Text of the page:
Increasing model capacity well beyond the point of zero training error has been observed to improve average test accuracy.
Standard training via empirical risk minimization (ERM) can produce models that achieve high accuracy on average but low accuracy on certain groups, especially in the presence of spurious correlations between the input and label.
For machine learning systems to be reliable, we must understand their performance in unseen, out-of-distribution environments.
2 code implementations • 14 Dec 2020 • Pang Wei Koh, Shiori Sagawa, Henrik Marklund, Sang Michael Xie, Marvin Zhang, Akshay Balsubramani, Weihua Hu, Michihiro Yasunaga, Richard Lanas Phillips, Irena Gao, Tony Lee, Etienne David, Ian Stavness, Wei Guo, Berton A. Earnshaw, Imran S. Haque, Sara Beery, Jure Leskovec, Anshul Kundaje, Emma Pierson, Sergey Levine, Chelsea Finn, Percy Liang
Distribution shifts -- where the training distribution differs from the test distribution -- can substantially degrade the accuracy of machine learning (ML) systems deployed in the wild.
In this paper, we find that while selective classification can improve average accuracies, it can simultaneously magnify existing accuracy disparities between various groups within a population, especially in the presence of spurious correlations.
We seek to learn models that we can interact with using high-level concepts: if the model did not think there was a bone spur in the x-ray, would it still predict severe arthritis?
We study why overparameterization -- increasing model size well beyond the point of zero training error -- can hurt test error on minority groups despite improving average test error when there are spurious correlations in the data.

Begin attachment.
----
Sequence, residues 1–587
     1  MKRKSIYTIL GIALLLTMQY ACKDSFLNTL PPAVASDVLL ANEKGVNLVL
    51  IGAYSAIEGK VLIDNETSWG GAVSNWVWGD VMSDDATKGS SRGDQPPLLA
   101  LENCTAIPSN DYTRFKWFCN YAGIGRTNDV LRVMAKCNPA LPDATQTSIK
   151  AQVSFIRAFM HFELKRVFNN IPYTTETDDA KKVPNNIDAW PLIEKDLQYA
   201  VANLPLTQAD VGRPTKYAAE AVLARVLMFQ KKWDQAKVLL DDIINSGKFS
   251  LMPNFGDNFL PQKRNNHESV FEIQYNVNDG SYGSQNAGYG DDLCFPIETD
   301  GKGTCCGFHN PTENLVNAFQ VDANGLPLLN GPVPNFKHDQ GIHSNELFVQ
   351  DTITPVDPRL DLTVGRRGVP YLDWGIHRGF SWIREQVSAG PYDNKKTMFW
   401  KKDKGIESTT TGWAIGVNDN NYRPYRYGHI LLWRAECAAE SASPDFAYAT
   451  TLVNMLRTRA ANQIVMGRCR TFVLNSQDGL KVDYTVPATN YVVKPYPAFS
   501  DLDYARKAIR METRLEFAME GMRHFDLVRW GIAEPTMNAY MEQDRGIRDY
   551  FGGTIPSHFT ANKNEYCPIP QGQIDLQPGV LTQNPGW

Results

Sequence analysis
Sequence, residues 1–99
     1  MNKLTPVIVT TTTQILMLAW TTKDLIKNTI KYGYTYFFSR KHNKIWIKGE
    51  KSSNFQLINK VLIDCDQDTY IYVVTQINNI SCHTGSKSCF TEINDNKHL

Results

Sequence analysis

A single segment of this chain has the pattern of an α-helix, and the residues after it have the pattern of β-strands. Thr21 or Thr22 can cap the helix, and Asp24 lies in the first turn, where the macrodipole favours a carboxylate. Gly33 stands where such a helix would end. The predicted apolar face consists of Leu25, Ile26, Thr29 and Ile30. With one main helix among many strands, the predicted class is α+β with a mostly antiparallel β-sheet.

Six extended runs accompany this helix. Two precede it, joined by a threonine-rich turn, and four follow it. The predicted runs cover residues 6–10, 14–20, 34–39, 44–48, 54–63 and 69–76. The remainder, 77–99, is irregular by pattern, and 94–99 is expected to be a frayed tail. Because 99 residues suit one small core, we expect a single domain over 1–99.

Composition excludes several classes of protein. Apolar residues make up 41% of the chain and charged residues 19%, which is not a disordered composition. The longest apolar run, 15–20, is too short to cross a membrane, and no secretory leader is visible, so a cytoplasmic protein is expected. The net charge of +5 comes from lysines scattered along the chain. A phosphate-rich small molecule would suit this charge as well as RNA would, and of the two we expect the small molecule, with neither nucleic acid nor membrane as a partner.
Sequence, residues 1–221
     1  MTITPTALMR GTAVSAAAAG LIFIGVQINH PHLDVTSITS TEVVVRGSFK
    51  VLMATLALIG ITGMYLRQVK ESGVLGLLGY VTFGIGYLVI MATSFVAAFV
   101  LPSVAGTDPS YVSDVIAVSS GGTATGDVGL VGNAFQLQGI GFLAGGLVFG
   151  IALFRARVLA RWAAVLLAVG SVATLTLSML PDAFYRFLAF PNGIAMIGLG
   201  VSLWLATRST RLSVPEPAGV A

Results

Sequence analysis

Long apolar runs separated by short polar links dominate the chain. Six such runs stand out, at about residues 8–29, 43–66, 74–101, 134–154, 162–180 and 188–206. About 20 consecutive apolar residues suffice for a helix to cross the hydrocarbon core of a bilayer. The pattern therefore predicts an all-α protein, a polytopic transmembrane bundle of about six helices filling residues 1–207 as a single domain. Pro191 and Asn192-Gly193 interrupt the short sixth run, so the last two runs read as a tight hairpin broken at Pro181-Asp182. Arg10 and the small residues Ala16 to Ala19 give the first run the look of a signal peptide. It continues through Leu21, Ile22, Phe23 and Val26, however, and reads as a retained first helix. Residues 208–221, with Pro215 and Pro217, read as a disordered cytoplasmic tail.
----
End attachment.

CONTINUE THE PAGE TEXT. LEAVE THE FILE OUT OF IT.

Suppose we want to specify the inductive bias that married couples typically go on honeymoons for the task of extracting pairs of spouses from text.
no code implementations • 15 Apr 2020 • Miles Brundage, Shahar Avin, Jasmine Wang, Haydn Belfield, Gretchen Krueger, Gillian Hadfield, Heidy Khlaaf, Jingying Yang, Helen Toner, Ruth Fong, Tegan Maharaj, Pang Wei Koh, Sara Hooker, Jade Leung, Andrew Trask, Emma Bluemke, Jonathan Lebensbold, Cullen O'Keefe, Mark Koren, Théo Ryffel, JB Rubinovitz, Tamay Besiroglu, Federica Carugati, Jack Clark, Peter Eckersley, Sarah de Haas, Maritza Johnson, Ben Laurie, Alex Ingerman, Igor Krawczuk, Amanda Askell, Rosario Cammarota, Andrew Lohn, David Krueger, Charlotte Stix, Peter Henderson, Logan Graham, Carina Prunkl, Bianca Martin, Elizabeth Seger, Noa Zilberman, Seán Ó hÉigeartaigh, Frens Kroeger, Girish Sastry, Rebecca Kagan, Adrian Weller, Brian Tse, Elizabeth Barnes, Allan Dafoe, Paul Scharre, Ariel Herbert-Voss, Martijn Rasser, Shagun Sodhani, Carrick Flynn, Thomas Krendl Gilbert, Lisa Dyer, Saif Khan, Yoshua Bengio, Markus Anderljung
With the recent wave of progress in artificial intelligence (AI) has come a growing awareness of the large-scale impacts of AI systems, and recognition that existing regulations and norms in industry and academia are insufficient to ensure responsible AI development.
Computers and Society
Distributionally robust optimization (DRO) allows us to learn models that instead minimize the worst-case training loss over a set of pre-defined groups.
Ranked #26 on Domain Generalization on PACS
Learning representations that accurately capture long-range dependencies in sequential inputs -- including text, audio, and genomic data -- is a key problem in deep learning.
Ranked #2 on Audio Super-Resolution on Voice Bank corpus (VCTK)
Motivated by the study of human aging, we present an interpretable latent-variable model that learns temporal dynamics from cross-sectional data.
Machine learning systems trained on user-provided data are susceptible to data poisoning attacks, whereby malicious users inject false training data with the aim of corrupting the learned model.